The city made an agreement with Makar to spend money from Pacific City, a 31-acre multi-use site, on developing the new center.
The money is part of the Quimby Act, which requires developers to pay a fee for projects that don’t create new open space.
The money must be used to preserve open space, establish recreational facilities or fund other facilities for future Pacific City residents’ use. The judge ruled using all the funds from Makar for the senior center violates the Quimby Act.
Makar has already put more than $1 million into the project, City Administrator Fred Wilson said.
The facility, which was to be built on a 5-acre section of Huntington Central Park, was expected to be completed in April 2011 and would have replaced the Michael E. Rodgers Seniors’ Center on Orange Avenue with a 45,000-square-foot, one-story center.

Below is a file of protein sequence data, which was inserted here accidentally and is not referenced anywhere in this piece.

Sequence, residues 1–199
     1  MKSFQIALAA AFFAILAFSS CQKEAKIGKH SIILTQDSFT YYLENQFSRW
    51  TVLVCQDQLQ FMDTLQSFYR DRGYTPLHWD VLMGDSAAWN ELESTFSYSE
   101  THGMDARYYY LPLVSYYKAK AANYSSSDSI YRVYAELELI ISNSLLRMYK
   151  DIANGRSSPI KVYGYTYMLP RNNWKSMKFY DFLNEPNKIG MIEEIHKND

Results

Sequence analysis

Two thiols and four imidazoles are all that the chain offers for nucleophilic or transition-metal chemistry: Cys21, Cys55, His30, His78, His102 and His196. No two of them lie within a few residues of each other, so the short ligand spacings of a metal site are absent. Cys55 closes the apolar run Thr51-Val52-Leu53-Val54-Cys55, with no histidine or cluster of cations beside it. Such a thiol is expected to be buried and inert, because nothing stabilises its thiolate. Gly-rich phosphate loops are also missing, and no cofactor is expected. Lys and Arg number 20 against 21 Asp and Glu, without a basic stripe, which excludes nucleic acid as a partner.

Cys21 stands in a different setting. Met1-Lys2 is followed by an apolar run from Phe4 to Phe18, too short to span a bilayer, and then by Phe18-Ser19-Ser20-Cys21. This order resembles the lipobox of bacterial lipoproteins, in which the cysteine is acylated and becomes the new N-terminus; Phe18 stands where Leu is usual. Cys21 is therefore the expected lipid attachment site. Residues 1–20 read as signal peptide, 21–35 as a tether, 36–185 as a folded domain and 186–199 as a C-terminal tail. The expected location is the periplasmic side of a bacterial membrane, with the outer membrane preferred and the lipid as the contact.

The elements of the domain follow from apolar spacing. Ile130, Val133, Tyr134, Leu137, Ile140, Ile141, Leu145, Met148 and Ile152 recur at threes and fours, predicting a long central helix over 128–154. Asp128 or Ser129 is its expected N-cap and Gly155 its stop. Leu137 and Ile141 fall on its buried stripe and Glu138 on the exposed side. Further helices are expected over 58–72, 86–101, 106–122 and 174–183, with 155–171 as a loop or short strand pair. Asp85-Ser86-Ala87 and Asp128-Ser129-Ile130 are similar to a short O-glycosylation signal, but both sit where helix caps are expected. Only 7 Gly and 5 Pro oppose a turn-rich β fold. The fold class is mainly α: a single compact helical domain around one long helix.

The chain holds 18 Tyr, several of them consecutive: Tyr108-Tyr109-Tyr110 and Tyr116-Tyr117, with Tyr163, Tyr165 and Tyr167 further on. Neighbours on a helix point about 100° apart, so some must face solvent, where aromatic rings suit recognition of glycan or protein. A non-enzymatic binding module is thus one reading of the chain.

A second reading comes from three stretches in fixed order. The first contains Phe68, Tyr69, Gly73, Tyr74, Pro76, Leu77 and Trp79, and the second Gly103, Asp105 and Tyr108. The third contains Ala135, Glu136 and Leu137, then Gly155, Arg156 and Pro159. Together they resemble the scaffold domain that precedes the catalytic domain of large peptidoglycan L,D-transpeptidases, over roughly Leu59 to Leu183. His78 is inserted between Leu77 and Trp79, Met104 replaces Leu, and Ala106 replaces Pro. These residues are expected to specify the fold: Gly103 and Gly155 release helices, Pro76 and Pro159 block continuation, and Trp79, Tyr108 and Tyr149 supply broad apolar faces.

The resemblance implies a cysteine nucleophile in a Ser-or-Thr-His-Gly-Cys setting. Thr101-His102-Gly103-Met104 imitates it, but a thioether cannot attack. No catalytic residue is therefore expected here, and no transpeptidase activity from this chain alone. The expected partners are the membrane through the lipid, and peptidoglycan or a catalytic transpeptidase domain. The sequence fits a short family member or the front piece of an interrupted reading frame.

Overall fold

The Parks Legal Defense Fund, a citizens group, filed a lawsuit against the city in March 2008 challenging the project.
The city was ordered to go back to the drawing board and prepare a Supplemental Environmental Impact Report looking into alternative locations.
The City Council voted Monday to appeal the court ruling.
3 Budget cuts hit homeBudget cuts hit home
The Huntington Beach City School District cut services, salaries and employees in June to stop a potential $21-million deficit over the next three years. In addition to laying off librarians, bus drivers, night custodians and special education instructional assistants, the district increased class sizes in the lower grades and converted kindergarten to full-day classes.
The Ocean View School District also boosted class sizes and released temporary teachers, while the Huntington Beach Union High School District trimmed summer school and Golden West College raised tuition $6 per unit.
The city, short $10.8 million in state funds, made significant cuts of its own.